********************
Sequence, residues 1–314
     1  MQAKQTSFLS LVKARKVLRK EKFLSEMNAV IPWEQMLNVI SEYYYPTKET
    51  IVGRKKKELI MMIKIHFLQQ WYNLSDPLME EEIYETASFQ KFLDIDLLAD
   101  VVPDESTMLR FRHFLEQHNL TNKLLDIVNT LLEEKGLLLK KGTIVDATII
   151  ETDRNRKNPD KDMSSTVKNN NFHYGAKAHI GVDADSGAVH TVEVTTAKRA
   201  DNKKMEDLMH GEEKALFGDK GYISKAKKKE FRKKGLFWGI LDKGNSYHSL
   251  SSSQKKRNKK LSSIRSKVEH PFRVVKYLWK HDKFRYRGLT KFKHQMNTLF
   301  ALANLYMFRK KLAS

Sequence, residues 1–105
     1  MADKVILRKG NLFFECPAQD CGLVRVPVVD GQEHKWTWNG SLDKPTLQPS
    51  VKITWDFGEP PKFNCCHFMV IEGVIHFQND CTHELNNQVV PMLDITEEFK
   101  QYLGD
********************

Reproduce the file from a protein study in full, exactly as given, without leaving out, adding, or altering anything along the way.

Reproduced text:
Sequence, residues 1–314
     1  MQAKQTSFLS LVKARKVLRK EKFLSEMNAV IPWEQMLNVI SEYYYPTKET
    51  IVGRKKKELI MMIKIHFLQQ WYNLSDPLME EEIYETASFQ KFLDIDLLAD
   101  VVPDESTMLR FRHFLEQHNL TNKLLDIVNT LLEEKGLLLK KGTIVDATII
   151  ETDRNRKNPD KDMSSTVKNN NFHYGAKAHI GVDADSGAVH TVEVTTAKRA
   201  DNKKMEDLMH GEEKALFGDK GYISKAKKKE FRKKGLFWGI LDKGNSYHSL
   251  SSSQKKRNKK LSSIRSKVEH PFRVVKYLWK HDKFRYRGLT KFKHQMNTLF
   301  ALANLYMFRK KLAS

Sequence, residues 1–105
     1  MADKVILRKG NLFFECPAQD CGLVRVPVVD GQEHKWTWNG SLDKPTLQPS
    51  VKITWDFGEP PKFNCCHFMV IEGVIHFQND CTHELNNQVV PMLDITEEFK
   101  QYLGD